Recently in Performances
I discovered many delights in my first ever visit to the Chautauqua Opera, not least of which was the lovely environment of the hilly Chautauqua Institution grounds which are dotted with picturesque and inviting old frame houses.
The novelty feature drawing veteran opera enthusiasts in general, and Richard Wagnerites in particular to Glimmerglass Opera this summer is that composer’s “Das Liebesverbot,” in what is touted as the North American fully staged premiere of this seldom-talked-about-and-even-less-performed early piece.
For two years, the subdued rumble of anticipation had been building to a forte.
It’s not so long ago that the opening night of the Proms was given over to a single major choral work, but in more recent times it has become more of an overt opener to the season, presenting a taster menu of the themes running through the season’s subsequent 70-plus concerts.
Eugenia Zukerman asked for a 10-minute chamber work — a piano quintet, perhaps — and she got Green Sneakers for Baritone, String Quartet and Empty Chair, which lasts exactly an hour.
“Quelle plaisir” to encounter Gustave Charpentier’s seldom performed “Louise” at the Paris Opera in a production where most everything went spectacularly right.
The Bayerische Staatsoper, based in three spectacular houses where Mozart, Wagner and many other composers premiered their works, presents over 300 annual performances to a discerning public.
Bernd Alois Zimmermann was a sensitive, none too healthy 21-year-old music prodigy in 1939, when he was drafted into the German army.
For Sir William Walton, the protracted genesis of Troilus and Cressida must have seemed more akin to the agonies of Sisyphus than to the composition of an opera.
Originating at the Châtelet, where the narration was given in French, Robert Carsen's staging of Bernstein's unique satire worked rather well in its television broadcast from the Parisian house late in 2006.
The disastrous 1904 La Scala premiere of Giacomo Puccini’s Madame Butterfly is one of those famous annals of opera which tend to leave today’s audiences perplexed about all the uproar.
The concert “20th-Century Masters,” presented by the Grant Park Music Festival, Chicago on 27 and 28 June 2008 featured several pieces performed for the first time under the auspices of the Festival.
David Gockley heard the cries of many an opera fan that Pamela Rosenberg had denied them their 'stars,' so for his summer season, 2008, he brought them Natalie Dessay, Susan Graham, Ruth Ann Swenson, and Stefan Margita.
My visit to two rarely mounted pieces at the Opera Festival of St. Louis brought to mind the little girl with the curl, for when it was good, it was very very good and when it was bad, it was, um. . .er. . .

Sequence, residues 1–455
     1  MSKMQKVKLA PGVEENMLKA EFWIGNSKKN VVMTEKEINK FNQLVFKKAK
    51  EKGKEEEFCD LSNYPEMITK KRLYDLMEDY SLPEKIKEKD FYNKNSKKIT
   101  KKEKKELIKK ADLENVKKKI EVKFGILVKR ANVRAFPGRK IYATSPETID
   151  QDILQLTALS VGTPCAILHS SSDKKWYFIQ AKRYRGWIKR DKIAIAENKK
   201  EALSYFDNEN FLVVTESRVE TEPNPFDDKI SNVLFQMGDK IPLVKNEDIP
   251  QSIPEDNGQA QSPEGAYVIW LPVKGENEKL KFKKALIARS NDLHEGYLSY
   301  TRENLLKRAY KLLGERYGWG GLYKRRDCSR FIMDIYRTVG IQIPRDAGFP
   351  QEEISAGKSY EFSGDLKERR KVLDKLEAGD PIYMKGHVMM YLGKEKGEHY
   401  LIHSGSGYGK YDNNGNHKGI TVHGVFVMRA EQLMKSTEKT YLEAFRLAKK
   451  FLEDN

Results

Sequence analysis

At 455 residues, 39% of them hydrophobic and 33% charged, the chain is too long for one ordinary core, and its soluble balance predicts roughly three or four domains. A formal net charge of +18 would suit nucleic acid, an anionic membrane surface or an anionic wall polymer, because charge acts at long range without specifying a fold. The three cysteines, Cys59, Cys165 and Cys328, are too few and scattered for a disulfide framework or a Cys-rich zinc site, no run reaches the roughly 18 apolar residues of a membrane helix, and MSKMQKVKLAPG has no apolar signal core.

In the latter part of last year, the casting for Nicholas Hytner’s new production of Don Carlo — in the five-act Italian version — looked to be on shaky ground.
No one has ever called Gazzaniga’s Don Giovanni an overlooked masterpiece.
Pink flamingos, sheep on wheels, and a queen crowned with giant antlers all inhabit the zany world of Opera Theatre of Saint Louis’s Una cosa rara, where the artificial 18th century pastoral commingles with cutesy country colors and 1950s yard art.
On the barren stage: a few chairs, a dark-gold hectoplasm projected on the wood panels of the acoustic chamber - nothing more.
For the belated Spanish premiere of Britten’s Death in Venice, 35 years after its creation in Aldeburgh, Barcelona seems a felicitous choice.
At the curtain call for the first night of WNO’s new production of the infrequently performed Khovanshchina director David Pountney wore a simple Russian shirt.
30 Jul 2008
Grant Park Music Festival: Sibelius, Szymanowski, Tchaikovsky
For its ninth program of the Summer 2008 season the Grant Park Music Festival offered a balance of vocal, choral, and orchestral works from the late nineteenth and first half of the twentieth centuries.
The concert of
both familiar and lesser known works was led by guest conductor Hannu Lintu.
In the first half of the program the Grant Park Chorus was showcased in a
performance of The Captive Queen, a cantata for mixed chorus and
orchestra by Jean Sibelius. Also in this half of the evening the soloists
Jonita Lattimore, Susan Platts, and Quinn Kelsey were featured along with the
Chorus and Orchestra in a moving performance of Karol Szymanowski’s
Stabat Mater. The program continued after intermission with Lintu
conducting a sensitive and appropriately energetic reading of Tchaikovsky’s
Both vocal works during the first half of the concert were being performed
for the first time at the Grant Park Festival; indeed both are works that can
be described as worthy of further discovery, here or at other concert venues,
for they are featured infrequently in such programs. In Sibelius’s